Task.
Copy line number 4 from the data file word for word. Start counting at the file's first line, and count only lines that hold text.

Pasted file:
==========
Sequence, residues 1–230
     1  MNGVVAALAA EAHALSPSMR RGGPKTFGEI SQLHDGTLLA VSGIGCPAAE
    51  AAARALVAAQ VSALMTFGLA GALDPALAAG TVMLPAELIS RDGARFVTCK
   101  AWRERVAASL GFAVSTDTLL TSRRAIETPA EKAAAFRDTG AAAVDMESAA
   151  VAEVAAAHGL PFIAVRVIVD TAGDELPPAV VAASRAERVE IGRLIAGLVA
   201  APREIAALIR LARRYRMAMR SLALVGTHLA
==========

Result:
   101  AWRERVAASL GFAVSTDTLL TSRRAIETPA EKAAAFRDTG AAAVDMESAA